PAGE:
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Spring Training 2015

By: X Bats

Tomorrow is the day when the first full squad workouts begin. Some teams start as late as Friday but most start tomorrow and Wednesday.

There are some major stories in MLB this Spring that will play out over the first half of the season. 

The Red Sox's lineup appears better. Can the rotation improve, too?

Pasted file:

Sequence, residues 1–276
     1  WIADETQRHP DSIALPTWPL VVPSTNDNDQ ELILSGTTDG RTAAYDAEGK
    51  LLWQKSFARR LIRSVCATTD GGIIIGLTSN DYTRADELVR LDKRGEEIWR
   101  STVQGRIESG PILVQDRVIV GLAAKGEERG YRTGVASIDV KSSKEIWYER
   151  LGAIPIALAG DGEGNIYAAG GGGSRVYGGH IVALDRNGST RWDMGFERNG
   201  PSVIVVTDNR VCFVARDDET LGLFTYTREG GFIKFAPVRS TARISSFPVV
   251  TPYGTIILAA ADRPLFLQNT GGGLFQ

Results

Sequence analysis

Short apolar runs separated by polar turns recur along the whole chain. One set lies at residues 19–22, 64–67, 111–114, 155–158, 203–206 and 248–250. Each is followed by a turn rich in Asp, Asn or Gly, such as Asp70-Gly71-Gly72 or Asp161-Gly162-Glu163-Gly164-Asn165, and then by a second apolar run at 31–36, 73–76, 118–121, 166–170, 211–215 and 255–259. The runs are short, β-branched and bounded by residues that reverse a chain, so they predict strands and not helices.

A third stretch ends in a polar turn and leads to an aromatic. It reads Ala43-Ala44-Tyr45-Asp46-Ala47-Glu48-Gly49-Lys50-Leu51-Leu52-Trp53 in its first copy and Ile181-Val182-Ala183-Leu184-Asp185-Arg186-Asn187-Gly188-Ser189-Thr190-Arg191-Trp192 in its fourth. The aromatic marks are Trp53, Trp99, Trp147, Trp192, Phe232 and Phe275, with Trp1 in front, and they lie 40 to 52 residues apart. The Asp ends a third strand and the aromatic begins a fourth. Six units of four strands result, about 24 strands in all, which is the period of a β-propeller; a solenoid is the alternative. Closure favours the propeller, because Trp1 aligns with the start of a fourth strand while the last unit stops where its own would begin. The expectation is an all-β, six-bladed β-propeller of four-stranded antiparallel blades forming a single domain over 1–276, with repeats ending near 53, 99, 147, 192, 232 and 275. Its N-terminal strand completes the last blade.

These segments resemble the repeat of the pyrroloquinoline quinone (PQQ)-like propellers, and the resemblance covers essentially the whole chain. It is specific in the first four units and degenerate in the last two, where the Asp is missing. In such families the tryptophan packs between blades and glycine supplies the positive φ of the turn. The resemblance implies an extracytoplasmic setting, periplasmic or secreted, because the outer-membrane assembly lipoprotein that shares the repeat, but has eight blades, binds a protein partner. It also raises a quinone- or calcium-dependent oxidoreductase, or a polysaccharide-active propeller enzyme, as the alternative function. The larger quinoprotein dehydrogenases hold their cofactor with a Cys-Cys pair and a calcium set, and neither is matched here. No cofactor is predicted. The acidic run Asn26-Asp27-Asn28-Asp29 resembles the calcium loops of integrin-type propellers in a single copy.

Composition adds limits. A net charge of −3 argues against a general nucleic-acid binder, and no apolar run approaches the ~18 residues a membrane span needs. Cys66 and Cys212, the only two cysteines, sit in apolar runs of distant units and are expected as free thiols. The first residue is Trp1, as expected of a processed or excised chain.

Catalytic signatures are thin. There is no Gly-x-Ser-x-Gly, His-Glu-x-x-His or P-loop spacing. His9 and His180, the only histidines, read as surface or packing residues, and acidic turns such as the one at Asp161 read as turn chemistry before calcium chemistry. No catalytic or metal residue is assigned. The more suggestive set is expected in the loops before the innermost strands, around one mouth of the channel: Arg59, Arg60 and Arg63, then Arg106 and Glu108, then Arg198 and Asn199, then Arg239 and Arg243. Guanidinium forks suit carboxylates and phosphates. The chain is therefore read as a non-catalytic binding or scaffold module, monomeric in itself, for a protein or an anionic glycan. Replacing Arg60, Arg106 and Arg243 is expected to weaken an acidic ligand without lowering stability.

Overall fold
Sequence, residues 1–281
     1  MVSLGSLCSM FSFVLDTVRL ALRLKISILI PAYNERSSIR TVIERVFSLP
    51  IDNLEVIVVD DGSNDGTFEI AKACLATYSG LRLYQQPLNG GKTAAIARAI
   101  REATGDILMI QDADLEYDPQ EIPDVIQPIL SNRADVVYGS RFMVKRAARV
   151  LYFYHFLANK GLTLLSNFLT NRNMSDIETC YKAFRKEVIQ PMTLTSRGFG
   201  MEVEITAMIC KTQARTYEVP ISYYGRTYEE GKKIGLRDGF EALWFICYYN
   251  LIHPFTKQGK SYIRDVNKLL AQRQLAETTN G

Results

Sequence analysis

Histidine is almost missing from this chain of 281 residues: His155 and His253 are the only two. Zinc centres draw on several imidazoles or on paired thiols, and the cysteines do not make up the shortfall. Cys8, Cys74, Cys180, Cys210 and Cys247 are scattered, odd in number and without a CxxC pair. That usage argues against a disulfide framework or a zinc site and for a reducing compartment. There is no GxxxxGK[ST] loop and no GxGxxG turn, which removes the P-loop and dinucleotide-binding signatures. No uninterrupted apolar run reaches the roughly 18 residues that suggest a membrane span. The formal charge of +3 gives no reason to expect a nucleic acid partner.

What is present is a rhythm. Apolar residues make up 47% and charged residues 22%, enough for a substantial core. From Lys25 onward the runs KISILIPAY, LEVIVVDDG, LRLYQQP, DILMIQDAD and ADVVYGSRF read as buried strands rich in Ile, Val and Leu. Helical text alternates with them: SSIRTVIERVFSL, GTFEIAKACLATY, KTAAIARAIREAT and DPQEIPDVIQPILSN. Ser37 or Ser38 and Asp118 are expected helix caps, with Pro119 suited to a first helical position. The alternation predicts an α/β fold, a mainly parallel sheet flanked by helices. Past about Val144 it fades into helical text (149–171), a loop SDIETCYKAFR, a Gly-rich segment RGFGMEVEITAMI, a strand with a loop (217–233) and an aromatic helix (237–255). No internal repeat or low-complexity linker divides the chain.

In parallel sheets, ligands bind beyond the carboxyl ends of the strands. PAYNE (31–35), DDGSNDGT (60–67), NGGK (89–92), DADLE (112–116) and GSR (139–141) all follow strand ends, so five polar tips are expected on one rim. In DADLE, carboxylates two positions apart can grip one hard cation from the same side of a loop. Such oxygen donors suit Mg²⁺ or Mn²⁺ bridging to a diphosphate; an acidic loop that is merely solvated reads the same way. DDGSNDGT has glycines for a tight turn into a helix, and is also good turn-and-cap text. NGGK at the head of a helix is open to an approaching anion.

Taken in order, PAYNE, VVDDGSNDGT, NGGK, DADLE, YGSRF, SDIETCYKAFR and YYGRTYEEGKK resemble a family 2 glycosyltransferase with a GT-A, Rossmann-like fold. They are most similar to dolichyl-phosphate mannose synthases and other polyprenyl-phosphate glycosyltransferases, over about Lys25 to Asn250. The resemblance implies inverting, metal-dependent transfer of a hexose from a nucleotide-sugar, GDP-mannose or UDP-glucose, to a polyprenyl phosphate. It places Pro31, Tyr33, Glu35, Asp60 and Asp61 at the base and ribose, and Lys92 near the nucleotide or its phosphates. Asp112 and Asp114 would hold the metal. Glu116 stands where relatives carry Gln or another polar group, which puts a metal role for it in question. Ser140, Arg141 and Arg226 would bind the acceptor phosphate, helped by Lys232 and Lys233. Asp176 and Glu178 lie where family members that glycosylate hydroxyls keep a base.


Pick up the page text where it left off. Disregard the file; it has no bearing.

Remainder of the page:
Boston's odd recent history - last in 2012, World Series champs in 2013, last again in 2014 - is amplified by a makeover that's difficult to decipher. After ranking ninth in the American League in runs scored and 13th in OPS a year ago, the Red Sox signed free agents Pablo Sandoval and Hanley Ramirez to prop up a lineup that still revolves around David Ortiz. But the expectation, entering the offseason, was that they would land one of the front-line pitchers available - either Jon Lester, their homegrown hero, or Max Scherzer as a free agent or Cole Hamels via trade (and that's still possible). Instead, Boston traded for Rick Porcello, who always fit behind Justin Verlander and Scherzer (and even Anibal Sanchez and Doug Fister) in Detroit and who has thrown 200 innings or had an ERA below 3.90 only once. They traded for Arizona's Wade Miley, coming off a season with a 4.34 ERA and 1.401 WHIP. They signed Justin Masterson, once their top pitching prospect, who had the worst season of his career in 2014 (5.88 ERA). And they forge forward with the increasingly brittle Clay Buchholz (5.34 ERA, 1.386 WHIP). Maybe that group, plus midseason acquisition Joe Kelly, can hold things together. But if the Red Sox begin to lose games 8-7, prepare for the Boston cognoscenti to look to the minors, where prospect Henry Owens and others lurk.